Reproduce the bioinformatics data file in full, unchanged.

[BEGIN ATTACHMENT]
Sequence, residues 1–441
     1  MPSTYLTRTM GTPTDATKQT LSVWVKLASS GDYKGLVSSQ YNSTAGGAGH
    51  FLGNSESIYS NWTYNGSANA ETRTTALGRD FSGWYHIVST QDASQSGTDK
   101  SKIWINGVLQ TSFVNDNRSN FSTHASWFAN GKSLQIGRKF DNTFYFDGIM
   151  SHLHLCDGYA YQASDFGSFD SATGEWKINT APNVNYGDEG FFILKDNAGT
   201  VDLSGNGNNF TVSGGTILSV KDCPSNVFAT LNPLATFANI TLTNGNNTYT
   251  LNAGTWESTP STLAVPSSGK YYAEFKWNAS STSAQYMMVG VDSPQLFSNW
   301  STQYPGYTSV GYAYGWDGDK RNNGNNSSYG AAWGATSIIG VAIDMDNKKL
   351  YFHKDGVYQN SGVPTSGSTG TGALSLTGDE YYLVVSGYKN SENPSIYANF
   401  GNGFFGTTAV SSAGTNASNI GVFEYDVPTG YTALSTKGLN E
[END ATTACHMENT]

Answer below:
Sequence, residues 1–441
     1  MPSTYLTRTM GTPTDATKQT LSVWVKLASS GDYKGLVSSQ YNSTAGGAGH
    51  FLGNSESIYS NWTYNGSANA ETRTTALGRD FSGWYHIVST QDASQSGTDK
   101  SKIWINGVLQ TSFVNDNRSN FSTHASWFAN GKSLQIGRKF DNTFYFDGIM
   151  SHLHLCDGYA YQASDFGSFD SATGEWKINT APNVNYGDEG FFILKDNAGT
   201  VDLSGNGNNF TVSGGTILSV KDCPSNVFAT LNPLATFANI TLTNGNNTYT
   251  LNAGTWESTP STLAVPSSGK YYAEFKWNAS STSAQYMMVG VDSPQLFSNW
   301  STQYPGYTSV GYAYGWDGDK RNNGNNSSYG AAWGATSIIG VAIDMDNKKL
   351  YFHKDGVYQN SGVPTSGSTG TGALSLTGDE YYLVVSGYKN SENPSIYANF
   401  GNGFFGTTAV SSAGTNASNI GVFEYDVPTG YTALSTKGLN E